In the end there was a part of me that thought she was too fragile to hear what I had to say. I didn’t want to hurt her. I didn’t want to see her cry.

It seems so stupid now. Of course I should’ve said goodbye.

And I should’ve told her how I felt.

I think about her every day. And every day I rehearse in my head what I’m going to say to her, if I ever see her again.


My apology speech.


It goes a little something like this…


Dear Rebecca. I’m sorry I left. I was an idiot. I should’ve told you. I miss you. Please forgive me. Do you want to get some pizza?


OK, so I haven’t really worked out what I’m going to say. It’s still all mumbled up in my head.

I don’t know why it’s so hard. It should be easy. Telling the person you love that you love them should be the easiest thing in the world right?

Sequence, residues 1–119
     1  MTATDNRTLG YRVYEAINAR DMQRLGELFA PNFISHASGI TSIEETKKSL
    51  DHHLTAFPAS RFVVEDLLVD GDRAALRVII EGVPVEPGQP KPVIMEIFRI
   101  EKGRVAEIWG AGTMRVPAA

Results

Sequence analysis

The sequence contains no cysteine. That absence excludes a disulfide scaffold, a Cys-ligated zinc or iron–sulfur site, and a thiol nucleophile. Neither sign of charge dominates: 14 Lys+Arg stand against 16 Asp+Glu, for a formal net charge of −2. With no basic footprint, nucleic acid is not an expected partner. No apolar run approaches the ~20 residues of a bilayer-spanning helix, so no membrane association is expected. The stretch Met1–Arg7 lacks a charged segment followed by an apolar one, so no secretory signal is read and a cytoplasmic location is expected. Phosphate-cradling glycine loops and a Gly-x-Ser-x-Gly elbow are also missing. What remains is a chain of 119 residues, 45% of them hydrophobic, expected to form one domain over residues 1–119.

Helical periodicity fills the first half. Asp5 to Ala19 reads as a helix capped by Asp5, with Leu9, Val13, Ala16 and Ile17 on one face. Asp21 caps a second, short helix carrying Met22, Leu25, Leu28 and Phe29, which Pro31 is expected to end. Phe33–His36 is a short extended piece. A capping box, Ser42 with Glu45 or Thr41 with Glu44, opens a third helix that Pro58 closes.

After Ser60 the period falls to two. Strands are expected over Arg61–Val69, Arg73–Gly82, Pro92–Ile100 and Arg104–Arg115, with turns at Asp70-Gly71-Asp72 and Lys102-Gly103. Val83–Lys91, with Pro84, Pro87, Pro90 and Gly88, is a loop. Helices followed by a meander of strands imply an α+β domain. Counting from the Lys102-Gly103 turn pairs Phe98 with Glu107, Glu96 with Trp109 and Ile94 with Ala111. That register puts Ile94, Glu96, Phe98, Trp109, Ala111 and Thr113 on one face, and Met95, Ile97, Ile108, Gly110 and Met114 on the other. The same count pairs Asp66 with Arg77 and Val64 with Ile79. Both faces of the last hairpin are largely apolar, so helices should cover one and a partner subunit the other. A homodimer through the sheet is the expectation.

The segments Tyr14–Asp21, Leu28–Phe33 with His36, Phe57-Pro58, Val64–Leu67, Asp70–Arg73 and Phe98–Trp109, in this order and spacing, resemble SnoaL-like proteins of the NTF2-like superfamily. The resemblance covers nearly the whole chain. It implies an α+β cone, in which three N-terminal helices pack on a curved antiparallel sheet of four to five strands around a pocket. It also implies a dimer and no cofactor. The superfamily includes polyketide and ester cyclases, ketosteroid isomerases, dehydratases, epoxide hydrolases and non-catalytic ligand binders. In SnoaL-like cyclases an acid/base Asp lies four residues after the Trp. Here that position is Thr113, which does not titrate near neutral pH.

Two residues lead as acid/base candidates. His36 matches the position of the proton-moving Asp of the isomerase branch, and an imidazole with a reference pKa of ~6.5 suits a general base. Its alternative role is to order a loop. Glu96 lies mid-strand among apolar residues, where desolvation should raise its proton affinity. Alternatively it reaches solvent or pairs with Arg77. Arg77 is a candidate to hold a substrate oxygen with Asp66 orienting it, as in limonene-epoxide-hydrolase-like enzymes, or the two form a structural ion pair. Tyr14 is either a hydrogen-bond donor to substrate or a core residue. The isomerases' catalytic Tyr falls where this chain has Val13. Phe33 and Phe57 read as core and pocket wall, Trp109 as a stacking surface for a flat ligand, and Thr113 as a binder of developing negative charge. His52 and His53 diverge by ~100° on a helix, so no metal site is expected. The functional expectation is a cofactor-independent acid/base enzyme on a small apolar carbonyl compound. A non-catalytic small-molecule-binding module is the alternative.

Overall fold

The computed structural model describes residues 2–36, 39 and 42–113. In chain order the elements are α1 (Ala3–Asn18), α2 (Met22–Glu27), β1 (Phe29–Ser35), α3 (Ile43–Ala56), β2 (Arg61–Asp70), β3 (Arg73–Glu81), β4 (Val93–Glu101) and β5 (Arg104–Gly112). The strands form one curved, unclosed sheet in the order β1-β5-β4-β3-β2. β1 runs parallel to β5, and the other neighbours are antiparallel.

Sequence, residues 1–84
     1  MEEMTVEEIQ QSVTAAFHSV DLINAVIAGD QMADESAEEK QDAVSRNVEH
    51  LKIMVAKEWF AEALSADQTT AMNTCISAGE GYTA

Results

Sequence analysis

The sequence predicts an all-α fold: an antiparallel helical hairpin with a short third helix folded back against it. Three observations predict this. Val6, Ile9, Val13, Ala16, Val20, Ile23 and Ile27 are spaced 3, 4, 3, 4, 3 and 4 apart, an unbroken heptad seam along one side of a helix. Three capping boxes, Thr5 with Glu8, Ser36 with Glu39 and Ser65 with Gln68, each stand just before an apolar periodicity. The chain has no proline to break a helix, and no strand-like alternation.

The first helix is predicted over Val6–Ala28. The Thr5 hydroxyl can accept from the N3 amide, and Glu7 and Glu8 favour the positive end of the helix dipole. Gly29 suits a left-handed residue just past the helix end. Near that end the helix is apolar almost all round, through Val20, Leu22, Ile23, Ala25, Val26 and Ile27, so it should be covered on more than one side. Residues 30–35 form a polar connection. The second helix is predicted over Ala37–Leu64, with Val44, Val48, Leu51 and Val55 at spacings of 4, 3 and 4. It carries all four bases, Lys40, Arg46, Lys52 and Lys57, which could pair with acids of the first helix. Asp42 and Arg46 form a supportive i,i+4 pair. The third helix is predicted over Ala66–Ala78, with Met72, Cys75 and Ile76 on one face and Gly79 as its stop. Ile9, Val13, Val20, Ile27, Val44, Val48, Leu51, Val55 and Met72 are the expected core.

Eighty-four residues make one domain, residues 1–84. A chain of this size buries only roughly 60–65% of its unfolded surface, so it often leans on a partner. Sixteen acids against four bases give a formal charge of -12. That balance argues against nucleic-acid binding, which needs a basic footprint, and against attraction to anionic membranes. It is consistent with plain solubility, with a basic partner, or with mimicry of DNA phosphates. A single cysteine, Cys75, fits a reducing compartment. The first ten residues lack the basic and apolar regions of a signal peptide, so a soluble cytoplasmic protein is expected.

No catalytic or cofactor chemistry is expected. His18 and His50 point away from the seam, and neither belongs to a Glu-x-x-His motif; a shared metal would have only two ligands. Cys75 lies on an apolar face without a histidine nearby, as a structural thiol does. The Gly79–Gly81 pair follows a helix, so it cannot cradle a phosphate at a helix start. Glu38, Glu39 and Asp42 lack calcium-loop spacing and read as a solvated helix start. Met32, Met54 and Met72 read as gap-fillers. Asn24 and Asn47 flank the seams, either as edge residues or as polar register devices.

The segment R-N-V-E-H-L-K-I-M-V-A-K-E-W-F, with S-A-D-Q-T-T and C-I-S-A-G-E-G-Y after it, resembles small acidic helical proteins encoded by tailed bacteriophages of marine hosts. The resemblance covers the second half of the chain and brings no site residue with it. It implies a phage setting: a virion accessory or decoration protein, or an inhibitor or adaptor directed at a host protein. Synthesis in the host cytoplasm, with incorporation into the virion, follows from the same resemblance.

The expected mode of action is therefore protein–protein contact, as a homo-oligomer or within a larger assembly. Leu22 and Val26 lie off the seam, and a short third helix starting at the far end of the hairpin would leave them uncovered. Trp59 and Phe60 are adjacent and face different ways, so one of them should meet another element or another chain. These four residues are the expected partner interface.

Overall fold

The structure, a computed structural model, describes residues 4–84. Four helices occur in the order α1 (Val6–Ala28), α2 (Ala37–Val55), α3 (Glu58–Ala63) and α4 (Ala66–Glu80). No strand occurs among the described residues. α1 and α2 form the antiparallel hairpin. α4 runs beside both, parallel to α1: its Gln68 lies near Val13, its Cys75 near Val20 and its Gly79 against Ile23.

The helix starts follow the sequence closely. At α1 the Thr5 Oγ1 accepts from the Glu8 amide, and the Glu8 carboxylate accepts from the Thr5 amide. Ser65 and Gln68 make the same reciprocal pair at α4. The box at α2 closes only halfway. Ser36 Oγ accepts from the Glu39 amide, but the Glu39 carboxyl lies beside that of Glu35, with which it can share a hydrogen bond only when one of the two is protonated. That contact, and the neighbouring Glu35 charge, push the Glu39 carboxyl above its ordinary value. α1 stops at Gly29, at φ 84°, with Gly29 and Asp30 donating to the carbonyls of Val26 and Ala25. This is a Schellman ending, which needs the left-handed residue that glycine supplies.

But it’s not. It’s hard. It’s scary.

I wrote a letter to Rebecca on the day I left home. I figured if I was too much of a chicken to tell her face to face, then a letter, a hand written letter would be the next best thing.

But guess what? Yeah, I couldn’t even give the letter to her.

My plan was to sneak over to her house. Leave it under her pillow or something. I don’t know.

But again, I chickened out.

I’m shaking my head as I write this.

My only hope is that one day I’ll get a chance to see her again, to say I’m sorry and give her the letter I wrote for her. Even if she slaps me in the face or spits in my face, even if she screams at me and tells me to go away and that she never wants to see me again; it’ll totally be worth it. And if all else fails, I can at least give her the letter. Hopefully she won’t tear it up.